Laboring with God for the Kingdom on Earth: A Devotion Given to the Asian Ministries Network on March 31, 2021
By: Rev. David Lee
A Devotion Given to the Asian Ministries Network on March 31, 2021
My name is David Lee. My full name is David Jong-Hyun Lee. I was born in Seoul, South Korea. I moved to the United States when I was seven years old.
My first U.S. President was Ronald Reagan. I remember him describing Asian-Americans as “the model minority.” It sounded like a compliment, but not quite, not quite there – almost there. The second best, second class was how I heard it.
Growing up, I would hear Korean families talk about making sure their children would speak “perfect English.” I remember thinking that was odd. Why was that a goal? I saw my Korean peers who could speak perfect English but could not fully communicate with their parents. There was a cost to their own native language and culture. We call America “a melting pot”, and it seems like you have to give up your own distinctiveness to be fully American.
When I went to college, I met Korean students from all over the world from countries like Brazil and Italy. They spoke perfect Korean and perfect Italian or Portuguese as well as English. It was around the time of the World Cup, and I remember these Korean students from around the world having so much pride for Brazil or Italy, as well as Korea. I wondered where my pride was for Korea and for America.
Several years back, “multiculturalism” was the big thing in our Conference. That’s a good thing, but here is the way I experienced multiculturalism: think of a nice garden salad with all kinds of greens and vegetables, with raisins, olives, and nuts, with all the works! Looks beautiful! Then we pour ranch dressing all over the salad so that everything looks and tastes like ranch dressing.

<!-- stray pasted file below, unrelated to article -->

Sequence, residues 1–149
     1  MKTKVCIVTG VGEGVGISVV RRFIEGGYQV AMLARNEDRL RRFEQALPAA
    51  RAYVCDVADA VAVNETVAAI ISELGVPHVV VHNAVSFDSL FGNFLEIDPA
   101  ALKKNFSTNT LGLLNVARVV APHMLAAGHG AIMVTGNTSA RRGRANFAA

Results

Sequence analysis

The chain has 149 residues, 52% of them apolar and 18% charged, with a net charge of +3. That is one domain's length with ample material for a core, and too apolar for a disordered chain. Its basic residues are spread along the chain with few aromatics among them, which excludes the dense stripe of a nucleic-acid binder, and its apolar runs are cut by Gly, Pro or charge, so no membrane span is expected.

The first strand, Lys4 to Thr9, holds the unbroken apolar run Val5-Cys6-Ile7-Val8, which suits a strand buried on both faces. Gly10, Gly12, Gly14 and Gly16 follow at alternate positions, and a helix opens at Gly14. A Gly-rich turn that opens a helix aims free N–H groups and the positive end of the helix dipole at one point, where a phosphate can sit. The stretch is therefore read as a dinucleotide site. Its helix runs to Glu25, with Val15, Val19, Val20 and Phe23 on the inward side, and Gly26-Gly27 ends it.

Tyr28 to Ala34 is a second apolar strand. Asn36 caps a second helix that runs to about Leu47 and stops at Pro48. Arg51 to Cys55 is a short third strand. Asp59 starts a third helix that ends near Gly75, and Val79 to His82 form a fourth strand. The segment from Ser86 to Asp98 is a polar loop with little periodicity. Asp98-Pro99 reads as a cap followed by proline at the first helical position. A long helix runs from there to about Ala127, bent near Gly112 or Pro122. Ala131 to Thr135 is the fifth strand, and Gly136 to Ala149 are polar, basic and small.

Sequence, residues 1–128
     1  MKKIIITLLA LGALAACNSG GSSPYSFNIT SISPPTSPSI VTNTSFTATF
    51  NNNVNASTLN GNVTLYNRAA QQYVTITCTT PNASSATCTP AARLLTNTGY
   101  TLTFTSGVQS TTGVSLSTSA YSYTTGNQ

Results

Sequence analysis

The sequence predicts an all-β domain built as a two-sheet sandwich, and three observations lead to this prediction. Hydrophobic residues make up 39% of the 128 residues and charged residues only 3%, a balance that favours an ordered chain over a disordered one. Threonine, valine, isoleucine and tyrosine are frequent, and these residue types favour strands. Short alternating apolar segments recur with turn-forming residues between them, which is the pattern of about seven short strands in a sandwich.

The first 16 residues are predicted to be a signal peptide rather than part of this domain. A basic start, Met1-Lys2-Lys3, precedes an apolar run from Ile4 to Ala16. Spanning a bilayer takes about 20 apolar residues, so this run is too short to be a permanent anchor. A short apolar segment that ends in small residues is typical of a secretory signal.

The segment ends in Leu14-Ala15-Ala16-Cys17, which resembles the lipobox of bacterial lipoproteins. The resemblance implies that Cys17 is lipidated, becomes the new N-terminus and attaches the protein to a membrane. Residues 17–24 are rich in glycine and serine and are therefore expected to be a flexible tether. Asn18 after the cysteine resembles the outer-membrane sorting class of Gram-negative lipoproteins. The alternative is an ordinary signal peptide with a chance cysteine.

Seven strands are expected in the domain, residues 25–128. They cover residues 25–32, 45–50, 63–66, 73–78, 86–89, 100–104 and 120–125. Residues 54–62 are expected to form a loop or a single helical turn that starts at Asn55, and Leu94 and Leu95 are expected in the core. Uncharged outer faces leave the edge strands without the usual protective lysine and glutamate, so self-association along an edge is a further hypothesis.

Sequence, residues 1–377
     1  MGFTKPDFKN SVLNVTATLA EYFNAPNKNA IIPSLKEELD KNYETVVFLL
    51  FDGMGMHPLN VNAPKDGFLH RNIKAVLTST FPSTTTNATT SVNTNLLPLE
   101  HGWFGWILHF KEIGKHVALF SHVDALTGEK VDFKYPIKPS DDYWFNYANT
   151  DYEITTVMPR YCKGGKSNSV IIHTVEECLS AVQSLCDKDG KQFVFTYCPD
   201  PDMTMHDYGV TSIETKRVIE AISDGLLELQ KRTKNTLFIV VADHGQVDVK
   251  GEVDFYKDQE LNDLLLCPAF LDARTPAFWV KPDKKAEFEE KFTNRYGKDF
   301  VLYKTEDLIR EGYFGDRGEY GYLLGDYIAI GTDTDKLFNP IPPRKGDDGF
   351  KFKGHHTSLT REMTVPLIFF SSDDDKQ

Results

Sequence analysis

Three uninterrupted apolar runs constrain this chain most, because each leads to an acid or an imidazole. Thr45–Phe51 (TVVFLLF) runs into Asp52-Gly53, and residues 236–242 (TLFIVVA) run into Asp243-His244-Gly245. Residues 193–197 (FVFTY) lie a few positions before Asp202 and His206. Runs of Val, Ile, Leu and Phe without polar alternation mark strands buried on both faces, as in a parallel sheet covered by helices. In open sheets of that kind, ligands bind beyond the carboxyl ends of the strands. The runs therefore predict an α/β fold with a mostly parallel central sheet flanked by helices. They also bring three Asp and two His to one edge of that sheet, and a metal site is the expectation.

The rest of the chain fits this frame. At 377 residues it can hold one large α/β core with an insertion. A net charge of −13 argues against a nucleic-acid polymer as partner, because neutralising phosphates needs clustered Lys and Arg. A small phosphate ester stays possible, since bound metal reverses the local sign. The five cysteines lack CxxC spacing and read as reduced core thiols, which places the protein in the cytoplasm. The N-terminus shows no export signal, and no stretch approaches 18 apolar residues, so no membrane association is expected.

My wife, Amy, is White. We’ve been married for almost four years. Early on, she saw my interactions and conversations with church members, and immediately, called me out saying, “Why are you acting white? You even preach white. This is not you. Be yourself – be the person I know you to be.” I hadn’t even realized how much I was trying to be American.
I struggle with sharing this next experience, but I believe it is true, important, and speaks to my experience. When I got married, I realized I made enough for myself, but with hopes of starting a family, I was concerned about our finances. So I went and spoke with my Superintendent at the time, and she asked me, “How much do you make?” I told her. She said, “Well, why do you make that? That’s much less than what you’re supposed to make.” I had no answer. It turned out that I made nearly twenty thousand dollars less than my peers with similar years of experience.
I wondered, “Was it my race or ethnicity?” I view this as a matter of proximity. People had not seen a person that looked like me in a position like that, so it would be perfunctory to overlook or dismiss the unfamiliar and place what was familiar in that position. So was race a factor? Yes, I believe it was.